Representational State Transfer, or REST, is any interfaced based on the HTTP standard that is used both for obtaining data and for performing operations over them across a wide range of formats, whether JSON, XML or others. Its simplicity is extreme when compared to standard data transfer protocols used until a few years ago, such as XML-RPC, and especially SOAP.
REST makes it easy to create applications and services that can use different clients and devices. The only requirement is that they handle HTTP, which is quite common, for example, for any web developer.
Roy Fielding, an expert in network architecture and one of the main authors of the HTTP specification, was who defined REST in 2000. It was him who detected the need to accomplish a more natural, standardized architecture to create APIs focused on providing Internet services. In fact, REST is often times considered to be, above all, a framework focused on web application development.
Among REST features, we can highlight that it is not necessary to store the server’s state; all information should therefore be available to be queried by the client. This is a significant advantage, since it allows for scalability without the need to worry about storing session variables. In addition, it is possible to use various technologies to provide resources or specific parts of a single API.
When developing a web application, and in particular, an API, three grades are involved when using REST. Leonard Richard, the great icon of resource-oriented architecture, set them forth in a model he dubbed the ‘Richardson Maturity Model’.
- Proper use of URIs (Uniform Resource Identifier). URLs (Uniform Resource Locator) are in charge of identifying the resource, in addition to facilitate access to it and allowing us to share its location. By resource we mean information (a page, file, section information) we want to access, modify or delete. URIs should maintain a logical hierarchy, be format-independent, and be unique for each resource. When naming them, it is advisable to avoid verbs. You need to remember that URIs are not suitable to perform information filtering over a resource.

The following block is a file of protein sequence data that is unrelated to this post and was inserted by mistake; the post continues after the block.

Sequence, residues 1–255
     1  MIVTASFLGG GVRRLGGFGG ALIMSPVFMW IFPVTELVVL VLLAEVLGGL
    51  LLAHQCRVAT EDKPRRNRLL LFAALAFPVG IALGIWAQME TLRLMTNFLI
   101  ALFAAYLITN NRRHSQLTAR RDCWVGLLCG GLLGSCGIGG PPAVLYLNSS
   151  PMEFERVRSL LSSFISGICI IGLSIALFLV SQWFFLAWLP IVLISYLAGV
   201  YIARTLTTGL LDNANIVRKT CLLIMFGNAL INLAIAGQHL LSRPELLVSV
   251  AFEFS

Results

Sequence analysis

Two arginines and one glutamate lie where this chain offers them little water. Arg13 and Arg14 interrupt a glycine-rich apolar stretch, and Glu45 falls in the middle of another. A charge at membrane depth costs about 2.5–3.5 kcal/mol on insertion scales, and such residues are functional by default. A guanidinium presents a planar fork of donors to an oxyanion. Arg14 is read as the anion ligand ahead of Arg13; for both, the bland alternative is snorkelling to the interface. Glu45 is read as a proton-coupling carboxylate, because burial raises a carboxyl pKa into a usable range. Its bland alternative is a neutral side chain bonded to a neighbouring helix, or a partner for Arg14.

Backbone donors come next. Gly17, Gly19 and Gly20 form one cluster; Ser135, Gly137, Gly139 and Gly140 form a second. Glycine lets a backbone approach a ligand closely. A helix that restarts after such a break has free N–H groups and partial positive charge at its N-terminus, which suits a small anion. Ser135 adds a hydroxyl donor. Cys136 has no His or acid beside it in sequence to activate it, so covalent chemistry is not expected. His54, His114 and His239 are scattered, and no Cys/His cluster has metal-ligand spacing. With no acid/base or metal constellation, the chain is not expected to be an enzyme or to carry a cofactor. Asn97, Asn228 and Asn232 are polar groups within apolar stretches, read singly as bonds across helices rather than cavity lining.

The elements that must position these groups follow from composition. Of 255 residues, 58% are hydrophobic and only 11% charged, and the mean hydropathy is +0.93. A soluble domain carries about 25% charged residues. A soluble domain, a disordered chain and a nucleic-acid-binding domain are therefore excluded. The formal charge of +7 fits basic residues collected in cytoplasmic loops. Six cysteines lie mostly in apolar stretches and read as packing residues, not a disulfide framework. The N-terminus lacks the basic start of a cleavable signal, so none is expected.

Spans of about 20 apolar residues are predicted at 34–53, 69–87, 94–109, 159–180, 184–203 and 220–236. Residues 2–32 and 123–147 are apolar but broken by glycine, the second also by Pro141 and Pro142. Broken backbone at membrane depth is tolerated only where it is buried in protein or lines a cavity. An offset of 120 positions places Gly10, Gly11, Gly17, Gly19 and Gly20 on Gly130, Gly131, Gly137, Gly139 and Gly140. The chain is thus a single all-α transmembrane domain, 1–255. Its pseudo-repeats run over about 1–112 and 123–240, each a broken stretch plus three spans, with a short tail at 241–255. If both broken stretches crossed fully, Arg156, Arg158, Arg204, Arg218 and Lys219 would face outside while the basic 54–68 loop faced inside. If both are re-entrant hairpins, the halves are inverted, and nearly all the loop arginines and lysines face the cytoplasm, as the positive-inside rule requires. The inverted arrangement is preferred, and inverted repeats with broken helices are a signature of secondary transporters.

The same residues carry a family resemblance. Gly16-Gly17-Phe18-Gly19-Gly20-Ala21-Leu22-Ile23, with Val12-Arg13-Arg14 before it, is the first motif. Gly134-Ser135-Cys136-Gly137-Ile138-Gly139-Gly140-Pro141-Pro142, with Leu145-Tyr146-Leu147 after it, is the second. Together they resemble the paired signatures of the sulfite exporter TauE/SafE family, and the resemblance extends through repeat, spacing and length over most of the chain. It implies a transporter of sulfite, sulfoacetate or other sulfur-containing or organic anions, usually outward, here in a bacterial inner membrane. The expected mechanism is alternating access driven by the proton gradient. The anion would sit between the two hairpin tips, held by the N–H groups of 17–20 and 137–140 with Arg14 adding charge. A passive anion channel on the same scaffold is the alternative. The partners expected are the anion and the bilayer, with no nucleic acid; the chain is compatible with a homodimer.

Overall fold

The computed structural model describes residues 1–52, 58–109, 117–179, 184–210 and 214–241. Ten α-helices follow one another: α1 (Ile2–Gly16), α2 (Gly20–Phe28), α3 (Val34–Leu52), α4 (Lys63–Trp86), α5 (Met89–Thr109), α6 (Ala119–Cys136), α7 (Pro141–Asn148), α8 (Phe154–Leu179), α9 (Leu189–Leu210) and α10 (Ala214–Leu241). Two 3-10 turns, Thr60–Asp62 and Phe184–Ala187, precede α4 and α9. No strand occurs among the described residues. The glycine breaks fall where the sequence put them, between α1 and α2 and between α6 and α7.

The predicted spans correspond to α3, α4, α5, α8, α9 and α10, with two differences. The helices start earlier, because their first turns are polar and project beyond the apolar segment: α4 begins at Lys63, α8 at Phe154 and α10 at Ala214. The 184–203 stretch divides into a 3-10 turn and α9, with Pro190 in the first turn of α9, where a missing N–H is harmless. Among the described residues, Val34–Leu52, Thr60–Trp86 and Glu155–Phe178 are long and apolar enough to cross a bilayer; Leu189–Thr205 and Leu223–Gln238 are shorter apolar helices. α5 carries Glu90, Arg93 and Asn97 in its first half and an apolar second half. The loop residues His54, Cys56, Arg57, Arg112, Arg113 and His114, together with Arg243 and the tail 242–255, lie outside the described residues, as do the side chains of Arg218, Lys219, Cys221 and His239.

- Proper use of HTTP. The three keys to developing REST APIs are http methods, status codes and acceptance of content types. HTTP provides the following methods to handle resources: GET (query and read resources), POST (create resources), PUT (edit resources), DELETE (delete resources) and PATCH (edit specific parts of a resource).
The Accept header is suitable to specify, in HTTP, in which format we intend to receive a resource, and even to specify many, in order of preference. The API is capable of returning a resource in the first available format. It will return the HTTP 406 status code in case the resource cannot be displayed in the formats specified by the client with the Accept header. For the client to be aware of the returned format, the Content-Type header will be provided.
Implement Hypermedia. This is useful to connect client applications with APIs via links, which allows them not to worry about knowing beforehand how to access resources. It involves adding extra information to the resource. Hypermedia offers two additional advantages. On the one hand, it automates processes between APIs without the need for human interaction. On the other, the client does not need to know resource URLs. In this manner, if URLs were to change, no maintenance would be required on each of the resources.